Riding Into the Sunset on the Solar Impulse-2

A general view shows Solar-Impulse solar-powered 61 metres (200 feet) wingspan HB-SIA prototype airplane after its unveiling ceremony at the airport in Duebendorf near Zurich June 26, 2009. Amd Wiegmann/Reuters

Soon, the sun may be powering our journeys through the skies. On Sunday, the brains behind Solar Impulse-2, a solar-powered plane, announced that they would be taking a historic trip around the world, reports BBC.

After a 2013 dry run with the prototype Solar Impulse-1 proved less than stellar, researchers are hopeful that the careful planning this time around (and a bit of luck from the weather) will help the plane circle the globe, which would be a first for a solar-powered craft.

The project is being helmed by Swiss aviation team Andre Borschberg and Bertrand Piccard, who plan to complete the trip in 12 legs starting in Abu Dhabi on Monday and ending there five months later.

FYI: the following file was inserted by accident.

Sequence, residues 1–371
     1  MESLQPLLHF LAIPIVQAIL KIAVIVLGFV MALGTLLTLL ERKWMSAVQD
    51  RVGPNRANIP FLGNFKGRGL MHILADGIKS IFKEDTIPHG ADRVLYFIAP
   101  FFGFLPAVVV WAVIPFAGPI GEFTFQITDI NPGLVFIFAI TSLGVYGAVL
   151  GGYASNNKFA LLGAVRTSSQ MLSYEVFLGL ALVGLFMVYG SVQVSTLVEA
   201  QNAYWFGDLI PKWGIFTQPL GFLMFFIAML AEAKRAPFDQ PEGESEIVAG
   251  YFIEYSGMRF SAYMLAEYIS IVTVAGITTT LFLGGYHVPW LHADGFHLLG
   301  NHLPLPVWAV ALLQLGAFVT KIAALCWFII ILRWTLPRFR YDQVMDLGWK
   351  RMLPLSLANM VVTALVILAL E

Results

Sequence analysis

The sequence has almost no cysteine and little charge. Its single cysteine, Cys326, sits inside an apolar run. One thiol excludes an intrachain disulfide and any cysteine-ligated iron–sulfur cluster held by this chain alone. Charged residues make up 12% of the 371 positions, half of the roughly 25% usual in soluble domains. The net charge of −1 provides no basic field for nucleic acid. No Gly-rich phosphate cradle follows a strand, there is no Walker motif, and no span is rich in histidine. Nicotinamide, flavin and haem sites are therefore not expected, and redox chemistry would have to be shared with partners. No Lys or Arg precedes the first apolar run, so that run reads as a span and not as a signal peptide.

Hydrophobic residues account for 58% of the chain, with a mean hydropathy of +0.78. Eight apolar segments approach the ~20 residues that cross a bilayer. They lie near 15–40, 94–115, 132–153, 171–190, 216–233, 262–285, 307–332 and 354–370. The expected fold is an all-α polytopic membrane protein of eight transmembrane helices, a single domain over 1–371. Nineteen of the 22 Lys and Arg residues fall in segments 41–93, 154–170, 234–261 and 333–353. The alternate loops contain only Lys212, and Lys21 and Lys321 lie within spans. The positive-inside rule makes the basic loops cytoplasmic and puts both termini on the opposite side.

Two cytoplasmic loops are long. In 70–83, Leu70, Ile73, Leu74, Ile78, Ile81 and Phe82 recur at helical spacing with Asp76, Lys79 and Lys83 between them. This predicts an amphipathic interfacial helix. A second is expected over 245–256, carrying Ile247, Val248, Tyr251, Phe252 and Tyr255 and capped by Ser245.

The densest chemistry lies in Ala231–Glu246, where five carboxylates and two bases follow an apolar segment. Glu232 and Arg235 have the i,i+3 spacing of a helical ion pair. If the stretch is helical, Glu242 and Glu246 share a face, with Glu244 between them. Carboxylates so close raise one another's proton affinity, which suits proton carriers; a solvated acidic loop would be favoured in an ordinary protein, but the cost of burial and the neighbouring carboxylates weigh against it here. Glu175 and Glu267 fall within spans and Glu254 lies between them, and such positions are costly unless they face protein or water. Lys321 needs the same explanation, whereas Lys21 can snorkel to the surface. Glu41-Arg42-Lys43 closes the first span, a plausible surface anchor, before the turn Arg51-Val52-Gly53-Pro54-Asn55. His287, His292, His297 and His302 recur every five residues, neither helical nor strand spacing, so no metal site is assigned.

Solar Impulse CEO Andre Borschberg said in an interview with BBC: "I am confident we have a very special aeroplane, and it will have to be to get us across the big oceans."

The wings of the Impulse are covered with over 17,000 solar cells working in conjunction with a handful of electric motors. The wingspan is wider than that of a commercial jumbo jet, but the aircraft is considerably lighter. Even though it harnesses energy from the sun, the Solar Impulse-2 can fly at night as well, with the help of four lithium-ion batteries.

While the development could be revolutionary for the aviation industry, and significant given that it could diminish the need for fossil fuel, the pair are more excited about the endless possibilities of renewable energy, notes Gizmodo. Along the way around Earth, the two intend to stop at several locations to urge people to support clean technology.

You can follow the progress of Solar Impulse-2 via its website.